The headland at Pezeries, in Torteval, is the most southerly northern-facing point on the island. It marks the turning point where the west coast curves around to the south coast. In the image above, the fort is on the end of the headland to the right of the picture.
It sits just south west of Portelet and has been home to a castle or fortress for several centuries. The exact date when the first fortifications were built there is unknown but the Guernsey Tourist Office states on its website that there has been a fortress there since at least 1680.
Its position gives anyone manning the fort a good view across Rocquaine Bay and around to Les Hanois lighthouse.
The road between the fort and Portelet is now closed to vehicles as it is no longer strong enough to take regular traffic. However, it is open to walkers and on a sunny day the walk between the two is well worth taking — as is climbing up to the lookout point high above them, roughly at the half way point, where a mast and rigging were erected to commemorate the Diamond Jubilee of Queen Elizabeth II in 2012.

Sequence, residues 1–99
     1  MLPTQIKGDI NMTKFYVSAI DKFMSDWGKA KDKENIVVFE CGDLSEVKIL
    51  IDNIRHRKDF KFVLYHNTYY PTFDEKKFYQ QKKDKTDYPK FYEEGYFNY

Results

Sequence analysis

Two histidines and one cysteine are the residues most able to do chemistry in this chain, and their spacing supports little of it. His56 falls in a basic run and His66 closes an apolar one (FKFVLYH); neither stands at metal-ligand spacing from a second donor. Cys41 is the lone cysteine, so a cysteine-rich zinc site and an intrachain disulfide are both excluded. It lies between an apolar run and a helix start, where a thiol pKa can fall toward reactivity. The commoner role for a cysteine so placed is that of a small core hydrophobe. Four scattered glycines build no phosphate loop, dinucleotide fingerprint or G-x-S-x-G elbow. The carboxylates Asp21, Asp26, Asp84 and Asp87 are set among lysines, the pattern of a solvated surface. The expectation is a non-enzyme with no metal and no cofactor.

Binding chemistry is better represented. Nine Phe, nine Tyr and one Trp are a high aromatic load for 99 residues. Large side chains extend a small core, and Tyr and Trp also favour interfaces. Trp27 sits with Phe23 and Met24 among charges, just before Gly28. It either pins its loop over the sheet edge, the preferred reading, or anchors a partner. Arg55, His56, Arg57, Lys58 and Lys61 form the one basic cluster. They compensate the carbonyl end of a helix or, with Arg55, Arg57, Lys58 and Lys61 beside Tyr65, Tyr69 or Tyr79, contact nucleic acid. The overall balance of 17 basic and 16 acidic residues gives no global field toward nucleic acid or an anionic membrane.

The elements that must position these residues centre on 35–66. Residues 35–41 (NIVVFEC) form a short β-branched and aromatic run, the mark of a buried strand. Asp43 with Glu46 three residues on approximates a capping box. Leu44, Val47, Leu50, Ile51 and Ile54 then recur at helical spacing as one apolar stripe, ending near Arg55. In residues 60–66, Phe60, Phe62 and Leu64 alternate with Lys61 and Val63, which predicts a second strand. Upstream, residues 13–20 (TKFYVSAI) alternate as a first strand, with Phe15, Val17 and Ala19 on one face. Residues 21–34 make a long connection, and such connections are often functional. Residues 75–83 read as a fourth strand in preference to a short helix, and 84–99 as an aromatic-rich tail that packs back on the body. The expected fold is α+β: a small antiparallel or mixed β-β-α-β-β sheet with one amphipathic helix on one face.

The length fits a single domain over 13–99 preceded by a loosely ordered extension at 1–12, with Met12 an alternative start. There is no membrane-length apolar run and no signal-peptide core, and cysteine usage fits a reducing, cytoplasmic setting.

Close by the fort is the Fairy Ring, also known as the Table des Pions, which is a circular trench around which are seated several rocks. It was used as a meeting and eating point for island officials as the inspected the roads and defences.